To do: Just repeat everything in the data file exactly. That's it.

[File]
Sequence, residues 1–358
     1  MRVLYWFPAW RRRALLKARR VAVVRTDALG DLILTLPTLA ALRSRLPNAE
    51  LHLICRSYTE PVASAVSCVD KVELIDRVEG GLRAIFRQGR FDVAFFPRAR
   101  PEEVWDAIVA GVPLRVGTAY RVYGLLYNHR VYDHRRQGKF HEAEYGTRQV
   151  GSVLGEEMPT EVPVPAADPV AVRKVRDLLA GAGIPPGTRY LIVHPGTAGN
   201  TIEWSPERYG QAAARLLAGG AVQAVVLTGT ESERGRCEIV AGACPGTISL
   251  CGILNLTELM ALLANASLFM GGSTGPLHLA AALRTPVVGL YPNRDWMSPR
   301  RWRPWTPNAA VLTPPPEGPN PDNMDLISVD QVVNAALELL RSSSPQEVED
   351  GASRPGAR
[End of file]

Sequence, residues 1–358
     1  MRVLYWFPAW RRRALLKARR VAVVRTDALG DLILTLPTLA ALRSRLPNAE
    51  LHLICRSYTE PVASAVSCVD KVELIDRVEG GLRAIFRQGR FDVAFFPRAR
   101  PEEVWDAIVA GVPLRVGTAY RVYGLLYNHR VYDHRRQGKF HEAEYGTRQV
   151  GSVLGEEMPT EVPVPAADPV AVRKVRDLLA GAGIPPGTRY LIVHPGTAGN
   201  TIEWSPERYG QAAARLLAGG AVQAVVLTGT ESERGRCEIV AGACPGTISL
   251  CGILNLTELM ALLANASLFM GGSTGPLHLA AALRTPVVGL YPNRDWMSPR
   301  RWRPWTPNAA VLTPPPEGPN PDNMDLISVD QVVNAALELL RSSSPQEVED
   351  GASRPGAR